The solar rooftop installed via peer-to-peer leasing company The Sun Exchange at Wynberg Girls’ Junior School, in South Africa.
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A coalition of government and international development agencies and private impact investors has closed $68 million of a hoped-for more-than $80 million of low-interest credit to help off-grid energy companies in Africa and Asia squeezed by the Covid-19 pandemic.
With Covid disruption exacerbated by rising renewable energy equipment costs, the partners in the newly-convened Energy Access Relief Fund (EARF) want to mobilize the cash to be lent to “more than 90” suppliers of the likes of solar lanterns, clean cooking stoves, solar home systems, and mini-grids.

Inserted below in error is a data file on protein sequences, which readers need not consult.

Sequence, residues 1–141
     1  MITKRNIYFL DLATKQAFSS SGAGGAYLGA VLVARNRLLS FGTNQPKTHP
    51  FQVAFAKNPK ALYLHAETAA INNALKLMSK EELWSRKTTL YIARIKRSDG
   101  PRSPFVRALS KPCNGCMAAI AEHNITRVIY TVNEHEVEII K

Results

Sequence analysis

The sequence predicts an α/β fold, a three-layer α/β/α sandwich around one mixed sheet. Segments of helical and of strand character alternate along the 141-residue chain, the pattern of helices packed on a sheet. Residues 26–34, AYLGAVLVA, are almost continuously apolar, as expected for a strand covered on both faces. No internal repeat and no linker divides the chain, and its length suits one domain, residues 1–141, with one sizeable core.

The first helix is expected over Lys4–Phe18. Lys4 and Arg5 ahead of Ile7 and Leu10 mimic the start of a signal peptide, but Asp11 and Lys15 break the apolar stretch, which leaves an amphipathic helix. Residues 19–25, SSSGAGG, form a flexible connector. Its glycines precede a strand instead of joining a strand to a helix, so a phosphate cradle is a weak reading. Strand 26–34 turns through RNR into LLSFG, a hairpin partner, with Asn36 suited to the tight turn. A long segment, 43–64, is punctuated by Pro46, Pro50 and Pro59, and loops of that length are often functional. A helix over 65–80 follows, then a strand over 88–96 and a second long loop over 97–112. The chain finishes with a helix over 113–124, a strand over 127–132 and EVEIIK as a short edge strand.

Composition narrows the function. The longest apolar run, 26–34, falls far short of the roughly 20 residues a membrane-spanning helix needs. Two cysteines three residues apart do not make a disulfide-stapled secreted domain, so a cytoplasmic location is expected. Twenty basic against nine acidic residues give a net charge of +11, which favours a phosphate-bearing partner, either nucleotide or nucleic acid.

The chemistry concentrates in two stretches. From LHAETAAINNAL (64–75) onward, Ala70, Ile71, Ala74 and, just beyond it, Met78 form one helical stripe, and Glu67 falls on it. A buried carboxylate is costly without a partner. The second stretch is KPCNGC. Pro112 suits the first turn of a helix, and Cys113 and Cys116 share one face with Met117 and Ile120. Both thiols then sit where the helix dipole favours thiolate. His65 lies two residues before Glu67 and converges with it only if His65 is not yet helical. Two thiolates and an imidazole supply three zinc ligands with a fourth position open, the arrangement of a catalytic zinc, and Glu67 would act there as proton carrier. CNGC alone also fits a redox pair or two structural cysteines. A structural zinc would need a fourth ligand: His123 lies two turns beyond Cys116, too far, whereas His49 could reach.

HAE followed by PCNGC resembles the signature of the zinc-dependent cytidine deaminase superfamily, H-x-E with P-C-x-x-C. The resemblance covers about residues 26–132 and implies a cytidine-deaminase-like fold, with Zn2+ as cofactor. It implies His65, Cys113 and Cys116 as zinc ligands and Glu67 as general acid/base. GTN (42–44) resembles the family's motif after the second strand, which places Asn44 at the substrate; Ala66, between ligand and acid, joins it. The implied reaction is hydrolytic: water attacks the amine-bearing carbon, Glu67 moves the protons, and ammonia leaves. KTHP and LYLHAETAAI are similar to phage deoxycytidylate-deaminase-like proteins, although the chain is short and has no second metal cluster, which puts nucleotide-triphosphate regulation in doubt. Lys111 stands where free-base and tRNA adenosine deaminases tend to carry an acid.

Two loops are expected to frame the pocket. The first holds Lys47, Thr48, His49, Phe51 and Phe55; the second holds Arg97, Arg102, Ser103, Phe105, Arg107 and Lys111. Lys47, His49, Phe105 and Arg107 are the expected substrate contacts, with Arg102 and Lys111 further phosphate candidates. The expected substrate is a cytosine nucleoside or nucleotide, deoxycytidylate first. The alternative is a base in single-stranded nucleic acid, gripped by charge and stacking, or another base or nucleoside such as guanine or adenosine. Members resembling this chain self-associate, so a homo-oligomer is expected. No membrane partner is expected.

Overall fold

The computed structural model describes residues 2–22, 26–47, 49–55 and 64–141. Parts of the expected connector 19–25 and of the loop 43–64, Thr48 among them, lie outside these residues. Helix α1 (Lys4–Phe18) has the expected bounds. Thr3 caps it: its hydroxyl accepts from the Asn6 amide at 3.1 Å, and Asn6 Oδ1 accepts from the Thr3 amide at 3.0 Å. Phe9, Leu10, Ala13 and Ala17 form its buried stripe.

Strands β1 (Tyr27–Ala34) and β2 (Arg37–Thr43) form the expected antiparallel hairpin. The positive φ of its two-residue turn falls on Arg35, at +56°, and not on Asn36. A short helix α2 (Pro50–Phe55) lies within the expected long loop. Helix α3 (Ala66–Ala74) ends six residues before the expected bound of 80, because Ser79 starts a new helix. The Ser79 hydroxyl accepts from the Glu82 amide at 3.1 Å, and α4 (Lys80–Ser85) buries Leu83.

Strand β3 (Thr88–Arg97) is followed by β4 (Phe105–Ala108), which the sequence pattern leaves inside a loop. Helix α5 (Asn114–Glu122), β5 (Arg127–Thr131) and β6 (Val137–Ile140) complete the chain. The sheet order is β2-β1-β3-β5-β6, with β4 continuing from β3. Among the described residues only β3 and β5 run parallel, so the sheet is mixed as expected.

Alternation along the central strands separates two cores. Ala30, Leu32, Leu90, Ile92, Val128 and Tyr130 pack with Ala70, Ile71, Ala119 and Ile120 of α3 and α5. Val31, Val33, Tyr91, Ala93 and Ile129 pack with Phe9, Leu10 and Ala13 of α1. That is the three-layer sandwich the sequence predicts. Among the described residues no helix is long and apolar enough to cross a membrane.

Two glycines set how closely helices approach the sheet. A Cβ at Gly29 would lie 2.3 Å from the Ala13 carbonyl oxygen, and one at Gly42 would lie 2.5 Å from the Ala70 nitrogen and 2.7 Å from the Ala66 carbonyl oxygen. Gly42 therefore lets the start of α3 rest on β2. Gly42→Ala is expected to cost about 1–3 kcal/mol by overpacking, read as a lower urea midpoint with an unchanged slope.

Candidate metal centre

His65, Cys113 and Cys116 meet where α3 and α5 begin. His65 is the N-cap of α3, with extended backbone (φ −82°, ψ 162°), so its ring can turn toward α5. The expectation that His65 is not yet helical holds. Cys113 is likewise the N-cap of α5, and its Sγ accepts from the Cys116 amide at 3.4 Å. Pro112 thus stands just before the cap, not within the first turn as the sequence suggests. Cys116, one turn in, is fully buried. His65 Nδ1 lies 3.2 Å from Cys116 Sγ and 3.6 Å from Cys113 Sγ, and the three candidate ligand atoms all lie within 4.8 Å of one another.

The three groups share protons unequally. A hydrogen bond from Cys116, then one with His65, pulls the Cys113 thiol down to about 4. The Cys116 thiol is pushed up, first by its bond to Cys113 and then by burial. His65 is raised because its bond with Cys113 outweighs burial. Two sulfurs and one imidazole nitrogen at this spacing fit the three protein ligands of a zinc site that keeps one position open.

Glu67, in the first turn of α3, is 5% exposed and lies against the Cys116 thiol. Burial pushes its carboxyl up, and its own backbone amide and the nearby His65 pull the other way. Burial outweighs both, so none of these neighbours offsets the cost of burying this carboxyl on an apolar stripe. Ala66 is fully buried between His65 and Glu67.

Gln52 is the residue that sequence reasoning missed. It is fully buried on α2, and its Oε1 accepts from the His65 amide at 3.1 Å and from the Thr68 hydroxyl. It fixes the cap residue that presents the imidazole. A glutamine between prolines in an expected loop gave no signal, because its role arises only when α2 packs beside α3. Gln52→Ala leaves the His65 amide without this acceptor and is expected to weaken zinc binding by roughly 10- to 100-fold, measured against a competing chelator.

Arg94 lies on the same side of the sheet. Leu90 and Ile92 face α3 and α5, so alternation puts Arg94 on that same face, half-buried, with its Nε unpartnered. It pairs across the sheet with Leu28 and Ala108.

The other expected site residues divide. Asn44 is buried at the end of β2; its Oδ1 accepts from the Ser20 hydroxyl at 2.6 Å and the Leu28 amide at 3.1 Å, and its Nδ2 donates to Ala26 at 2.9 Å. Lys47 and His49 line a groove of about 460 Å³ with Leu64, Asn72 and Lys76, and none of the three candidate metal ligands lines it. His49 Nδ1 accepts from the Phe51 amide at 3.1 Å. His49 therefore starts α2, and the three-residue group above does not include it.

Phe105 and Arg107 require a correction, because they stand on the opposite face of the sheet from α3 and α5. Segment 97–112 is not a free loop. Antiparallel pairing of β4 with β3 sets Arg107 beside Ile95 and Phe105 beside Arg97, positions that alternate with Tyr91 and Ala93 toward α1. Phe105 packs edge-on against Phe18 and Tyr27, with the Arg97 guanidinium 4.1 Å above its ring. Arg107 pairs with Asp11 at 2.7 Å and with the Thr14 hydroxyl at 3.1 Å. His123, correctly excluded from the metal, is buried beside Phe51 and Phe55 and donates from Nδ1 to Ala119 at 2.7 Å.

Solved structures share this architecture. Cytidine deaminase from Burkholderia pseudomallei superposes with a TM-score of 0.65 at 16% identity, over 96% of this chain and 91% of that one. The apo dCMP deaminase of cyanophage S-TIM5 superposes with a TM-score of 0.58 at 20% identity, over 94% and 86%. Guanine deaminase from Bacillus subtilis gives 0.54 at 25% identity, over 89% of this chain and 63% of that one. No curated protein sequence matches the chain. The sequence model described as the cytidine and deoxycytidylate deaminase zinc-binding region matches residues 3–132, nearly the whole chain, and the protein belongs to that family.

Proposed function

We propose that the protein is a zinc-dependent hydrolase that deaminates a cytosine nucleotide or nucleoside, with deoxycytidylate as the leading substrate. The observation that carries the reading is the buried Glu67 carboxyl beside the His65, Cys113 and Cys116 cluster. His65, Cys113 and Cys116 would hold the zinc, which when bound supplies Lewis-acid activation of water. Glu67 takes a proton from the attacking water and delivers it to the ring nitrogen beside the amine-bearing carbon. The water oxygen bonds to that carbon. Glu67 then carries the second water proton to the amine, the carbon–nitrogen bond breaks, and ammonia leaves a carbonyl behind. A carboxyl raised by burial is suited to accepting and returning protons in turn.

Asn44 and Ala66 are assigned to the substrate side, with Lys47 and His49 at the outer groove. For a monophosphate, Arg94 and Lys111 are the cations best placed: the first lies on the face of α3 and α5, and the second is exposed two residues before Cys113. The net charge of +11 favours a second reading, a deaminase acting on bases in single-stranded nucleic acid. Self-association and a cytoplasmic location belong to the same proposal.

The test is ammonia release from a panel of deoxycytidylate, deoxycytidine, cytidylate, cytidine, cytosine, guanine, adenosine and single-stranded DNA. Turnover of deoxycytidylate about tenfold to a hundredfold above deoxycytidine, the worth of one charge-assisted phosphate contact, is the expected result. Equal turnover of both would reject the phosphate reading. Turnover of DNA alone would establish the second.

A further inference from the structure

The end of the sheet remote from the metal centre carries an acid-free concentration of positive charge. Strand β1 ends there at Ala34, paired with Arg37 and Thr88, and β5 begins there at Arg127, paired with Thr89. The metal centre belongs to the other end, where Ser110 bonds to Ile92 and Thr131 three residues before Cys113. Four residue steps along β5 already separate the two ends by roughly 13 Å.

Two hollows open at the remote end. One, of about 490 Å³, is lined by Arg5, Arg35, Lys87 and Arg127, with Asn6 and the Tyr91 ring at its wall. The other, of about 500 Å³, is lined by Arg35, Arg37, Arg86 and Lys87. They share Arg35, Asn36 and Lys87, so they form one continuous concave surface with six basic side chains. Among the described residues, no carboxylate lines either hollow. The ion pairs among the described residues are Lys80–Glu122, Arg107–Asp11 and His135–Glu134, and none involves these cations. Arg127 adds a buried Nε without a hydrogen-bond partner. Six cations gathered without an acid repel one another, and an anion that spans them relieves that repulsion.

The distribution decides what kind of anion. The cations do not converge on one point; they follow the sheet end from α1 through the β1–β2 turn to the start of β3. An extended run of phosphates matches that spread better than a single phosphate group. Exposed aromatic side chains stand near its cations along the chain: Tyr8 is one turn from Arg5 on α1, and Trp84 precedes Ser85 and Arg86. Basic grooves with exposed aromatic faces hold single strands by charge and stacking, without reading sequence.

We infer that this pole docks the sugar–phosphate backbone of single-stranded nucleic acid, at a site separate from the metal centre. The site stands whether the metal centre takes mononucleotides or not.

Quoted in a press release issued to publicize the initiative yesterday, Shell Foundation director Sam Parker said the hope was that similar investors would follow suit as “much more capital will be needed in the coming months to continue progress toward universal energy access.”
The other members of the EARF grouping are U.S. government funded Power Africa, the United States Agency for International Development, and the U.S. International Development Finance Corporation; U.K. government-financed UK Aid and CDC Group; Netherlands government-controlled development bank FMO; government-backed peers the Swedish International Development Co-operation Agency and the Swiss Agency for Development and Cooperation; multilateral public bodies the Green Climate Fund, which is part of the UN, and the World Bank and its International Finance Corp private sector arm; and private entities the Ikea Foundation, Rockefeller Foundation and the Shell Foundation.
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